- Investors, businesses, and the British public support new laws to prevent exploitation of workers and environmental harm across global businesses’ operations and their supply chain.
In a statement published on the 31st of August, 39 investors representing over £4.5 trillion in assets have urged British policymakers to back a “Business, Human Rights and Environmental Act”. The legislation is to require companies (including businesses and financial institutions registered in the UK) to carry out due diligence to prevent abuses of human rights and environmental damage across their global operations and value chains.
The investors’ letter comes alongside a YouGov survey, conducted by Anti-Slavery and the Corporate Justice Coalition (of which ABColombia is a member), showing that 4 in 5 British citizens support new legislation requiring companies to take meaningful steps to ensure their providers do not exploit workers and/or cause environmental harm.
“The British public understand that the world is at a crucial moment with climate change. This is why they are calling on the government to introduce legislation to protect human rights and the environment”Louise Winstanley, Programme and Advocacy Manager, ABColombia
The renewed pressure comes as some European countries (France, Germany, and Norway) have already adopted mandatory human rights and environmental due diligence (HREDD) and the European Commission released a proposed Directive on corporate sustainability due diligence (February 2022). This legal instrument will be applied to UK companies with incomes above a set threshold operating in the EU.
Following the global trend, 36 UK businesses published a statement in October 2021 calling on the British government to introduce new legislation. The signatories stated that despite the efforts of some companies to take voluntary steps to implement due diligence in their operations and supply chain, the introduction of a new law was critical to bring all businesses to the same standards and obligations.
At the April G7 Supply Chain Conference, countries also indicated their shared belief that voluntary approaches alone to comply with international standards on human rights, labour, and the environment were not working.
Current UK policy remains insufficient to hold businesses liable when they fail to prevent abuses in the human rights and environmental areas.
“Failure by the Government to regulate on this vital issue will effectively punish companies that choose to be responsible as well as those falling under similar new laws in other countries. Worse still, it will mean the UK is fast becoming a laggard on protecting people and the planet from abuse and exploitation.”Mark Dearn, Director of the Corporate Justice Coalition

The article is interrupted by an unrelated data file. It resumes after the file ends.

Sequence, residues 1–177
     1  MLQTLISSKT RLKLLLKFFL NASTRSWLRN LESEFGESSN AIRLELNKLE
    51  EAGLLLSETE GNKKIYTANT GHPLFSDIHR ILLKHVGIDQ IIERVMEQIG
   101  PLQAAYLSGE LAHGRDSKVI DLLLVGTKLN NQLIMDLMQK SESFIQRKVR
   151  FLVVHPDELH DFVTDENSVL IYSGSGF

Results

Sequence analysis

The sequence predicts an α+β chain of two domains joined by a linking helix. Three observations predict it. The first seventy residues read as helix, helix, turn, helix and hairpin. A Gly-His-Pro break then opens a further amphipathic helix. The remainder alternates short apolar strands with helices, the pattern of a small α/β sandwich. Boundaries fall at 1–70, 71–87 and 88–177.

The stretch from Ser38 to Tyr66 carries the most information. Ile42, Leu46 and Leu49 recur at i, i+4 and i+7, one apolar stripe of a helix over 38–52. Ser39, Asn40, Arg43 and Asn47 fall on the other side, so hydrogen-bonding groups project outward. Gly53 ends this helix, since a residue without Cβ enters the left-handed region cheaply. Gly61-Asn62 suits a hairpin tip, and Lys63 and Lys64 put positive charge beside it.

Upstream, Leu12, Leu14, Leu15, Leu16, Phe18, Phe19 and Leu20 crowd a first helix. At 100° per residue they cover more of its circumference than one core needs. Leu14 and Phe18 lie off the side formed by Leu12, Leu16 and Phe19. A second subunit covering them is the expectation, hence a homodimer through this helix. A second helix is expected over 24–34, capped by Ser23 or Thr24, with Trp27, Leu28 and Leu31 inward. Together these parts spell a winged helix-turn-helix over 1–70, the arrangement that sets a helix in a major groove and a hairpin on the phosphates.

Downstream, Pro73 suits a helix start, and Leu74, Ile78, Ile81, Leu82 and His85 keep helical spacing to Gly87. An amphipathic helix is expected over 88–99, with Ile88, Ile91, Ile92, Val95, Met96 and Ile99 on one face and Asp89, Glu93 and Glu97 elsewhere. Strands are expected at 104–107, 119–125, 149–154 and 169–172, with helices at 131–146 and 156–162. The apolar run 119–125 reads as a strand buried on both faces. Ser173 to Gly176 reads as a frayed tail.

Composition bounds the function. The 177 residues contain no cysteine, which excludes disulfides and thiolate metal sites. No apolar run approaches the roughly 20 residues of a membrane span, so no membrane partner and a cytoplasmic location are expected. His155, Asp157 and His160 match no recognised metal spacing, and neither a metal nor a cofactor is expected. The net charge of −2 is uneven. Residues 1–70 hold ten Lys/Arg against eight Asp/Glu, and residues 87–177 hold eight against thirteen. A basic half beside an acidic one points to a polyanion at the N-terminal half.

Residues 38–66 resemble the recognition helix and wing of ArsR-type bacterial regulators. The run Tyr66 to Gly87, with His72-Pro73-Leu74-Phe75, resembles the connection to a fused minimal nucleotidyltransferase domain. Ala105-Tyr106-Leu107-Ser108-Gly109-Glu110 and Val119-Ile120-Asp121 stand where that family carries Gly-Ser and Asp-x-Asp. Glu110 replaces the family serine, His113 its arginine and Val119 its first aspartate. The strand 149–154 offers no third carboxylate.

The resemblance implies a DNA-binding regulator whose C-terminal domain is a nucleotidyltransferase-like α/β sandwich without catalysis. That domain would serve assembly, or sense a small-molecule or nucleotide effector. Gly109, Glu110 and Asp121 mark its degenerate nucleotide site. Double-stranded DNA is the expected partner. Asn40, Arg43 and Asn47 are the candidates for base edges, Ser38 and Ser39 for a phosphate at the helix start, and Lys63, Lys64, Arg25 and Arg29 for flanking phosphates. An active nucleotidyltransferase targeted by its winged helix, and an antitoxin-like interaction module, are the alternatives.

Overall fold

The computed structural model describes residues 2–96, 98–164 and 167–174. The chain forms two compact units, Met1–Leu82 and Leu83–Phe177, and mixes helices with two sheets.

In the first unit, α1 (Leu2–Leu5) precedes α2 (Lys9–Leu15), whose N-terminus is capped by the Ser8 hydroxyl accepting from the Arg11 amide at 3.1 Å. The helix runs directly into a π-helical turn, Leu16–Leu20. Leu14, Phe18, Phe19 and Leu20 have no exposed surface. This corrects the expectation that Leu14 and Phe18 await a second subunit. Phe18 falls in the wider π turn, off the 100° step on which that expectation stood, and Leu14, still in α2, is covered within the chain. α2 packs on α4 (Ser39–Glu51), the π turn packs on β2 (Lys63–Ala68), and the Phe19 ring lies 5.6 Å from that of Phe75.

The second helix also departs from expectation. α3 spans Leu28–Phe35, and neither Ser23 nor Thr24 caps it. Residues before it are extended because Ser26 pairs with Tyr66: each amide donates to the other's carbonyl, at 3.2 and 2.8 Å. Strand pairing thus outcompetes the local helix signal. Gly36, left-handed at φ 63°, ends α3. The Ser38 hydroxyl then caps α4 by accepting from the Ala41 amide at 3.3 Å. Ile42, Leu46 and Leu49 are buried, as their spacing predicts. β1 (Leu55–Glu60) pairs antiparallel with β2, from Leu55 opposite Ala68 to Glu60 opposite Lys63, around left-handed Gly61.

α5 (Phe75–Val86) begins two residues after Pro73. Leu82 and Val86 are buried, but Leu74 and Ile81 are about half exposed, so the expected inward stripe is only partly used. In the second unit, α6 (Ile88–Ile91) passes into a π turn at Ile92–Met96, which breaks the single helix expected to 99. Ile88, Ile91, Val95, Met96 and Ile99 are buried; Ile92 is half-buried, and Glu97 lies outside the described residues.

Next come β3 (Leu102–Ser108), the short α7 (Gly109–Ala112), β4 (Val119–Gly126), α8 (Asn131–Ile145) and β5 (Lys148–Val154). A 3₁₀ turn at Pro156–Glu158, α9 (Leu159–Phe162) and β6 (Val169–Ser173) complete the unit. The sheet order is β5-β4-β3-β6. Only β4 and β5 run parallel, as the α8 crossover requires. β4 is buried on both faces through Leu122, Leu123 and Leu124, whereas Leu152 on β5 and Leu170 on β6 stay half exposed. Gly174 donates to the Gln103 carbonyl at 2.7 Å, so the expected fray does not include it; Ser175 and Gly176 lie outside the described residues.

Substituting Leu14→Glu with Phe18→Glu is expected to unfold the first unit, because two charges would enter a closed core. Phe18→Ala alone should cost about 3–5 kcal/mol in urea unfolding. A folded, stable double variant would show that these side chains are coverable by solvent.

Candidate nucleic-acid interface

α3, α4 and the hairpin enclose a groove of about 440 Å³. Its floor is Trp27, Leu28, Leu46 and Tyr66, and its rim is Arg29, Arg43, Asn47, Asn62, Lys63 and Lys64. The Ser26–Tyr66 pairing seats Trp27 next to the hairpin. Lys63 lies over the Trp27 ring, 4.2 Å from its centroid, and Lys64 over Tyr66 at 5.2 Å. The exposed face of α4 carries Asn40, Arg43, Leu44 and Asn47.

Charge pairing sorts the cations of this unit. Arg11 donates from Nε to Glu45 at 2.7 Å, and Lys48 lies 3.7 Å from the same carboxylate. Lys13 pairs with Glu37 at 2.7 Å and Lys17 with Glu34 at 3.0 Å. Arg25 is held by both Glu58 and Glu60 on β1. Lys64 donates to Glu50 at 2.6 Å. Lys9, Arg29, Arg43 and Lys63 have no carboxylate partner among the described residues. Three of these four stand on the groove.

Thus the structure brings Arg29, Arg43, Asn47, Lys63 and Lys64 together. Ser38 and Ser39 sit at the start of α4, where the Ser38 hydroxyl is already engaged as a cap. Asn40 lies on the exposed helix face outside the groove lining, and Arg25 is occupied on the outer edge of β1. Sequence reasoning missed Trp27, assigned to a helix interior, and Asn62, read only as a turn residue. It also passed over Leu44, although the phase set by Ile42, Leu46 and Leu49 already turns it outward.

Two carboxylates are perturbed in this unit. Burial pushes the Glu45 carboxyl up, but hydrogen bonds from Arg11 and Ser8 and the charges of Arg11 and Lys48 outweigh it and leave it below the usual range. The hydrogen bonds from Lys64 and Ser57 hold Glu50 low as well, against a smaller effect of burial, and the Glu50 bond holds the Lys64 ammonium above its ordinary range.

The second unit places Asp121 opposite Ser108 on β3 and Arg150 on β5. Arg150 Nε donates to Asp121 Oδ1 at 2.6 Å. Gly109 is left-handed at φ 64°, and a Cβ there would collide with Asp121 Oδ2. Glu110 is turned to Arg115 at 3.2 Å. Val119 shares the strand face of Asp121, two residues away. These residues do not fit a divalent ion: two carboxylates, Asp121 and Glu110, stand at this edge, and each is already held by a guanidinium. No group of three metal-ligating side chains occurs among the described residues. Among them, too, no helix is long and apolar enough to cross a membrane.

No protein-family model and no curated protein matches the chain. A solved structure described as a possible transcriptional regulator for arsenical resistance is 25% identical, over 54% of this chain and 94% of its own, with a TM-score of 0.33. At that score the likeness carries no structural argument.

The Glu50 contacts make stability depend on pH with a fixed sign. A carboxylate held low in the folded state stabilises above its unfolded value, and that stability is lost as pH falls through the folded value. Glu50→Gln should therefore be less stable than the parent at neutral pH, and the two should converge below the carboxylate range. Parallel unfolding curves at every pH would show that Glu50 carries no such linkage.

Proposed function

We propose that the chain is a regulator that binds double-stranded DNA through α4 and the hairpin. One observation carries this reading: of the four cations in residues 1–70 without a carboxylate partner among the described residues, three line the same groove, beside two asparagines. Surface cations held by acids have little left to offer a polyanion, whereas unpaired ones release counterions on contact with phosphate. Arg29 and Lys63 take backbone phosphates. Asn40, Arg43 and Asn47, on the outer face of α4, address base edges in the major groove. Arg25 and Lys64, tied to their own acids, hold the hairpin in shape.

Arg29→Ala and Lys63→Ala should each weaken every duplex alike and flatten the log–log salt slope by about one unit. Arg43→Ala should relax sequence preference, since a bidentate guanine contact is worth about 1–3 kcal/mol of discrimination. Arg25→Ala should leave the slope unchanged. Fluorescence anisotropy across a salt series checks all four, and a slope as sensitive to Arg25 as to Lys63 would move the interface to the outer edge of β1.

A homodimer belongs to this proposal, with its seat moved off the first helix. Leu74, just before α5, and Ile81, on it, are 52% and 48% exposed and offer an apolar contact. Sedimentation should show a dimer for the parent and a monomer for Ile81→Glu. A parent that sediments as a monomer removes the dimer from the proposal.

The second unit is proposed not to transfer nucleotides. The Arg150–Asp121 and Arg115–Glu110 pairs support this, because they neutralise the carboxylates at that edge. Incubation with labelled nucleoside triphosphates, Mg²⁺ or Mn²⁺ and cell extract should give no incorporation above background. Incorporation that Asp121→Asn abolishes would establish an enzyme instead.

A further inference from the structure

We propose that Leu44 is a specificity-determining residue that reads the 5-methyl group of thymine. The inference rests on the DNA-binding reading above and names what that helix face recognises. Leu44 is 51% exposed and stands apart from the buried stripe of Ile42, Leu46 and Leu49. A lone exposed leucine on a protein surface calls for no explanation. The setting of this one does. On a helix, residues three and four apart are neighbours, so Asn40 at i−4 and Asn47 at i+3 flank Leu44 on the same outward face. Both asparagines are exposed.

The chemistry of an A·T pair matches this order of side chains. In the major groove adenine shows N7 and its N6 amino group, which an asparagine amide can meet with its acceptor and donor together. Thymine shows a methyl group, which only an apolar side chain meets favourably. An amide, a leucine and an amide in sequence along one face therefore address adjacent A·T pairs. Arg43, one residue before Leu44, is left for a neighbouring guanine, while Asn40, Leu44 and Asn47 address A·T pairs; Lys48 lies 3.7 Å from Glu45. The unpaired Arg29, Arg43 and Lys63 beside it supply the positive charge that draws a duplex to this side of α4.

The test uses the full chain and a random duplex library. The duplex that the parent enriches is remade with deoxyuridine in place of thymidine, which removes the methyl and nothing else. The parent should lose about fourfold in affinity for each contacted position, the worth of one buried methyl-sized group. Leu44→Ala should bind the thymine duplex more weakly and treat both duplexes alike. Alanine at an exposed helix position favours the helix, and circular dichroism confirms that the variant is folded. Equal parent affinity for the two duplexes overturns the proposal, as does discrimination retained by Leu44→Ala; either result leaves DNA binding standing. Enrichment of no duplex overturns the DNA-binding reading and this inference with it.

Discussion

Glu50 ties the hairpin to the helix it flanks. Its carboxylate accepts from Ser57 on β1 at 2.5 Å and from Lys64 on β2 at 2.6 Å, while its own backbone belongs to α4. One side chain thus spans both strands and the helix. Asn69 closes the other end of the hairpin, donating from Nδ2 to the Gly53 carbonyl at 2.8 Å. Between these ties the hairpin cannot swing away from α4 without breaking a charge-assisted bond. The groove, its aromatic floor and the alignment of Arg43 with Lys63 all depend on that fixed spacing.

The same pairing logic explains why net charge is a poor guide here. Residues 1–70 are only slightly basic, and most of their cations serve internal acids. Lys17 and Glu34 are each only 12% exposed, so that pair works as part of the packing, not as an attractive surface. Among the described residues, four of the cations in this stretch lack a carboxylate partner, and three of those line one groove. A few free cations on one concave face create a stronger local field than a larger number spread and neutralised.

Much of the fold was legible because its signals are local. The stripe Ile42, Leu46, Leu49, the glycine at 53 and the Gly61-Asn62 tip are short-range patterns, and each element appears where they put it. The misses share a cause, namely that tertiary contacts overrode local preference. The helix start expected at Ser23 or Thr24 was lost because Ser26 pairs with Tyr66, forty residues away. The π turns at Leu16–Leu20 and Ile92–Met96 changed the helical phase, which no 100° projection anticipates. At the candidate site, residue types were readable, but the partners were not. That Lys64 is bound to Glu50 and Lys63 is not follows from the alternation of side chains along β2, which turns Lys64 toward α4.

The perception of the need for new stricter laws to prevent modern slavery and environmental damage was also reflected in the YouGov Survey from August 2022, as the majority of respondents believe that the current legislation is “Not strict enough” to regulate that area.
With their statement, the investors’ group supports the action taken by major businesses in the UK urging policymakers to back a “Business, Human Rights and Environmental Act”
According to the investor’s letter : “All businesses, including investors and other financial actors, have a responsibility to respect human rights and the environment.” A core requirement for businesses and investors that is outlined in the United Nations Guiding Principles on Business and Human Rights (UNGPs) and the OECD (Organisation for Economic Co-operation and Development) Guidelines for Multinational Enterprises.
The document was coordinated by Corporate Justice Coalition who is working with Anti-Slavery International, along with ABColombia and over 35 other civil society groups that are part of the Corporate Justice Coalition, campaigning for a comprehensive Business, Human Rights and Environmental Act
As part of the Corporate Justice Coalition, ABColombia also supports the calls for a new UK law on human rights and the environment. In our latest report: “Delegation of Parliamentarians to Colombia 2022”, we included the need of a new legislation in the recommendations to the UK and Ireland as a necessary measure to prevent further human rights violations by multinational corporations in Colombia.
In April 2022 ABColombia traveled to Colombia with a group of British and Irish parliamentarians to meet with Afro-Colombian and Indigenous Peoples negatively impacted by the Carbones de Cerrejón open pit coal mine. The mine’s owner is registered on the London Stock Exchange, whereas their coal sales arm, the Coal Marketing Company, is registered in Ireland, and Ireland’s Electricity Supply Board is a purchaser of the coal from Colombia.
Unsurprisingly, as the YouGov Survey reflects, the British public is aware of the “dark history” of products sold in the UK. 73% of people think that household essentials have likely caused environmental damage, while 64% believe that everyday supplies come from modern exploitation.
With a clear call from businesses, investors and consumers in support for new legislation, ABColombia urges the UK government to work towards stronger laws that require companies and investors to carry out human rights and environmental due diligence across their operations and value chains, and to be held accountable when harm takes place.